THEME FROM SPARTA F.C. : Zack Snyder’s ‘300’ [6/10]
There is dust everywhere. Little gullies leading back into the cliffs are marked with low stone walls that look ancient but are recent structures made by farmers and goatherds. If you go to the Hot Gates, take some historical knowledge and your imagination with you.
Though denounced in certain quarters as a "Fascist spectacle", 300 is – on closer inspection – rather more Paul Verhoeven than Leni Riefenstahl. As with Verhoeven's Starship Troopers (1997), the film – which recounts the legendarily brave resistance of the Greek armies, led by 300 hardy Spartan warriors, against myriad Persian invaders at the 5th century BC Battle of Thermopylae – is on close inspection about the power of propaganda, rather than being an example of propaganda itself.
Starship Troopers (itself infamously denounced by the New York Times as "fascist" on initial release) was rather easy to 'misread': it was based (albeit extremely loosely) on Robert Heinlein's notoriously right-wing novel, and didn't feature any kind of 'framing device' to tip the wink to the audience that they were shouldn't take everything they saw at face value. 300, however, deliberately puts more of a distance between the film and the viewer: like Joseph Conrad's novel Heart of Darkness, the whole thing is an overtly 'narrated text'. From the first scene to the last, and at many points in between, the character of Dilios (David Wenham) is present – sometimes in vision, more often than not in voiceover – describing the action and its implications, his interventions so frequent and lengthy that they occasionally end up disrupt the story's build-up of narrative momentum.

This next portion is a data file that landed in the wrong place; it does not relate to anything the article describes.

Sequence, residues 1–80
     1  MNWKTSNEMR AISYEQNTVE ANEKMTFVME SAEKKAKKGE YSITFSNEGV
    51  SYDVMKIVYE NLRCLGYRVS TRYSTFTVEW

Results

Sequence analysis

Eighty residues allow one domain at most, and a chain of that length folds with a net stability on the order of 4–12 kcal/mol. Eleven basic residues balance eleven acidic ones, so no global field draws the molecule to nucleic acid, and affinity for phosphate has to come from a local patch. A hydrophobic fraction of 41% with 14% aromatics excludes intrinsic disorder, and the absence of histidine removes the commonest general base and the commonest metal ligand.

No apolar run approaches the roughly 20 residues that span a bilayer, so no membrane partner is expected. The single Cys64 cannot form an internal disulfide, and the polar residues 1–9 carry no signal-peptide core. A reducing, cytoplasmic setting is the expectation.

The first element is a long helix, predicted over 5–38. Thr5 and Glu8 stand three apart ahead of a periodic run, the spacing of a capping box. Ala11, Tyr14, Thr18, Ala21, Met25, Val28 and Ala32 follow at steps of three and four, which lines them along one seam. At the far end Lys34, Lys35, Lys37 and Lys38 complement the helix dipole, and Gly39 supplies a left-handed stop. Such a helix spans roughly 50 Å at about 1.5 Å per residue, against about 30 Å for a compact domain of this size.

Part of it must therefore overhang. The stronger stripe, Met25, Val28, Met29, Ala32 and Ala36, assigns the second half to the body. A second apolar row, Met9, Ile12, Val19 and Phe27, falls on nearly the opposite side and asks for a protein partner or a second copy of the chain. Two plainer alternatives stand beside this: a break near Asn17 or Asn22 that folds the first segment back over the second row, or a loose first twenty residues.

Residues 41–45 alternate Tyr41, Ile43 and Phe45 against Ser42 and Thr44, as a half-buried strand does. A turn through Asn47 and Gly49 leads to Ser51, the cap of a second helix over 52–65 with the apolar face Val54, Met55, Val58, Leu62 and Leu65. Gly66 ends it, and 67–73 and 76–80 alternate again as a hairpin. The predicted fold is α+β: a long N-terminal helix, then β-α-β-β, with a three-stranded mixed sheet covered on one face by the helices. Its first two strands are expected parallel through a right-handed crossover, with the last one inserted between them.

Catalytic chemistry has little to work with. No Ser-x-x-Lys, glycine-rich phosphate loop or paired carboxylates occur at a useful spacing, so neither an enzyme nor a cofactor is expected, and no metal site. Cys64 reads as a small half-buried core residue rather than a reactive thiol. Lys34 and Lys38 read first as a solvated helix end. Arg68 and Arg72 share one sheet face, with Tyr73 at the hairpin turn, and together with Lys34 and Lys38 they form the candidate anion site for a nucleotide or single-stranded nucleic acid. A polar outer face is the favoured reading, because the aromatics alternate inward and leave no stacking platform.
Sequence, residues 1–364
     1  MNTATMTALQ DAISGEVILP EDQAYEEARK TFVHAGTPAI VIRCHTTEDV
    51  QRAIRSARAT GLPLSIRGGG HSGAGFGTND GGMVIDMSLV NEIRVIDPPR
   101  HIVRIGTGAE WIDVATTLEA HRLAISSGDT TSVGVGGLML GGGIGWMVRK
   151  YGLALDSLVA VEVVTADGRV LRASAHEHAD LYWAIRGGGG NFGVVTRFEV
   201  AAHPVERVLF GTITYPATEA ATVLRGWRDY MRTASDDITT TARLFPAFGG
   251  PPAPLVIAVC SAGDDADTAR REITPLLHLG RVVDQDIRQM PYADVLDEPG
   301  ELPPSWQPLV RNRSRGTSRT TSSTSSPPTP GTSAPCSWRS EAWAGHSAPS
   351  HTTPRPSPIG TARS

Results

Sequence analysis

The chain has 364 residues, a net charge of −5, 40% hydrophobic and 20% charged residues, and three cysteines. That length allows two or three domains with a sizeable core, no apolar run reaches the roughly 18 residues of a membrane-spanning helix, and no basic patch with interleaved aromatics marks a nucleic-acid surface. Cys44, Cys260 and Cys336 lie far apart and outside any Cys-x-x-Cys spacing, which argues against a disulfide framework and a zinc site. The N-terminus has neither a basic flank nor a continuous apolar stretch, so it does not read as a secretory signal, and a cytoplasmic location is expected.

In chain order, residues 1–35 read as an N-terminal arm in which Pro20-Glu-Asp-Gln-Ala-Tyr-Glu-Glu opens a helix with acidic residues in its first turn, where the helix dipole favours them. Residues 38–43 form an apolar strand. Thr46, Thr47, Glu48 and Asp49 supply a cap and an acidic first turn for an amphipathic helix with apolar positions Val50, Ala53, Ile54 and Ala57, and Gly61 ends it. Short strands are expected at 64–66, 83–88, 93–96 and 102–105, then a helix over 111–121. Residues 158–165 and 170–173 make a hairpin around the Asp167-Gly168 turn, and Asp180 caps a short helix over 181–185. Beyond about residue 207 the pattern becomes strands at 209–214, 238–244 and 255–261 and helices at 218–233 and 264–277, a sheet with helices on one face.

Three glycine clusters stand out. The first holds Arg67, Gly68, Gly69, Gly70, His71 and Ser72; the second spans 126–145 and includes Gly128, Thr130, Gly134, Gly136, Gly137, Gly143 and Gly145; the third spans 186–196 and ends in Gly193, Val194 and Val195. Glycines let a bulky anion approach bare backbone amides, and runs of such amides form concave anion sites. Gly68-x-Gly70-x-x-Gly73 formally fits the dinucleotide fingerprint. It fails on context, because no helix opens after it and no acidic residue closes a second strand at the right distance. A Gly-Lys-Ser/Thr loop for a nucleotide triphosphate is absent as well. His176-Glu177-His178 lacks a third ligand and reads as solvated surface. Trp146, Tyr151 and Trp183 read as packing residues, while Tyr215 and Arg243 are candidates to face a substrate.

In the prologue, Dilios informs us that what we're going to see is specifically the story of Leonidas – ruler hero of Sparta, (inadvertent) protector of democracy – from his birth, through his childhood (Eli Snyder) and youth (Tyler Neitzel), to his manhood as King (Gerald Butler), and his eventual death at the Battle of Thermopylae in the 5th century BC. Dilios is shown relating Leonidas's biography to an audience of soldiers – around a campfire at night, and later out in the field. The end of the film is also the conclusion of his tale – at which point the camera pulls dramatically back, and we see that Dilios's audience is the Greek army at the Battle of Plataea.